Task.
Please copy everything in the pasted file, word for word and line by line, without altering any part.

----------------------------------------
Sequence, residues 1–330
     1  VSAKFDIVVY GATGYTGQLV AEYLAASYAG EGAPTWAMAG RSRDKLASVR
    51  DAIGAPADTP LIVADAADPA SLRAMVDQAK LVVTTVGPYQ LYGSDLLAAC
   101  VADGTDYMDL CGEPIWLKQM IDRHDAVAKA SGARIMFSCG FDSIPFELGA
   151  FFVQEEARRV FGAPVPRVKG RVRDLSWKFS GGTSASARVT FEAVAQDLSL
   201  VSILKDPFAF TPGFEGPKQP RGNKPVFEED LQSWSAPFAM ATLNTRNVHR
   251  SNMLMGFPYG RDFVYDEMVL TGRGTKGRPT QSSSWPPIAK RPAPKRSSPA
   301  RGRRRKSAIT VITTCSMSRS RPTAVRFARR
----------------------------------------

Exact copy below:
Sequence, residues 1–330
     1  VSAKFDIVVY GATGYTGQLV AEYLAASYAG EGAPTWAMAG RSRDKLASVR
    51  DAIGAPADTP LIVADAADPA SLRAMVDQAK LVVTTVGPYQ LYGSDLLAAC
   101  VADGTDYMDL CGEPIWLKQM IDRHDAVAKA SGARIMFSCG FDSIPFELGA
   151  FFVQEEARRV FGAPVPRVKG RVRDLSWKFS GGTSASARVT FEAVAQDLSL
   201  VSILKDPFAF TPGFEGPKQP RGNKPVFEED LQSWSAPFAM ATLNTRNVHR
   251  SNMLMGFPYG RDFVYDEMVL TGRGTKGRPT QSSSWPPIAK RPAPKRSSPA
   301  RGRRRKSAIT VITTCSMSRS RPTAVRFARR